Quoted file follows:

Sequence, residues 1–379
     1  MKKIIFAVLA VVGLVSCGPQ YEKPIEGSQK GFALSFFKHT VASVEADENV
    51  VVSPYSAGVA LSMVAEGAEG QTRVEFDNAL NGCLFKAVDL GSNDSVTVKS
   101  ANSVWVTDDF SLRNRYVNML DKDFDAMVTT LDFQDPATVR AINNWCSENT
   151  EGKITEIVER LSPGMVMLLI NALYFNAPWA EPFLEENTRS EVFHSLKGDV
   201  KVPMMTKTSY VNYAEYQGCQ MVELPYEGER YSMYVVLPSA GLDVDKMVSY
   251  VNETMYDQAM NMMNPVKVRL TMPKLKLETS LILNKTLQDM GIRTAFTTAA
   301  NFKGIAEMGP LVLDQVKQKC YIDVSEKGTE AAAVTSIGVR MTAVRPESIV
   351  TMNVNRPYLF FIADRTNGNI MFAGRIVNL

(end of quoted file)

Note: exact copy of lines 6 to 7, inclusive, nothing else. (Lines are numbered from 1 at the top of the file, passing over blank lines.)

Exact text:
   201  KVPMMTKTSY VNYAEYQGCQ MVELPYEGER YSMYVVLPSA GLDVDKMVSY
   251  VNETMYDQAM NMMNPVKVRL TMPKLKLETS LILNKTLQDM GIRTAFTTAA